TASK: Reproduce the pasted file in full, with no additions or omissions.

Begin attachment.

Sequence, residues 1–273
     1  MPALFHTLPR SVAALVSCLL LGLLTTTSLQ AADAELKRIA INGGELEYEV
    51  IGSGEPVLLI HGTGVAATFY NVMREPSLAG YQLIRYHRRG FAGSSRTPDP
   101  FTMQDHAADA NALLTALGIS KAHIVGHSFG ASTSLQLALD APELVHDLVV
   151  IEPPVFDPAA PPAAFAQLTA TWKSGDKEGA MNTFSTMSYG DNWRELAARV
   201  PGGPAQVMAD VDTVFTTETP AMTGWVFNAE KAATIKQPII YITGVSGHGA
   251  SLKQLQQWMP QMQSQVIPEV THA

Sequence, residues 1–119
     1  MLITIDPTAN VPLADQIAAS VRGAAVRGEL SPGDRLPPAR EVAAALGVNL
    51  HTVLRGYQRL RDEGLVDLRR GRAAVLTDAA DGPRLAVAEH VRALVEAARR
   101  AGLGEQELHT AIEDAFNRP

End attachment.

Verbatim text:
Sequence, residues 1–273
     1  MPALFHTLPR SVAALVSCLL LGLLTTTSLQ AADAELKRIA INGGELEYEV
    51  IGSGEPVLLI HGTGVAATFY NVMREPSLAG YQLIRYHRRG FAGSSRTPDP
   101  FTMQDHAADA NALLTALGIS KAHIVGHSFG ASTSLQLALD APELVHDLVV
   151  IEPPVFDPAA PPAAFAQLTA TWKSGDKEGA MNTFSTMSYG DNWRELAARV
   201  PGGPAQVMAD VDTVFTTETP AMTGWVFNAE KAATIKQPII YITGVSGHGA
   251  SLKQLQQWMP QMQSQVIPEV THA

Sequence, residues 1–119
     1  MLITIDPTAN VPLADQIAAS VRGAAVRGEL SPGDRLPPAR EVAAALGVNL
    51  HTVLRGYQRL RDEGLVDLRR GRAAVLTDAA DGPRLAVAEH VRALVEAARR
   101  AGLGEQELHT AIEDAFNRP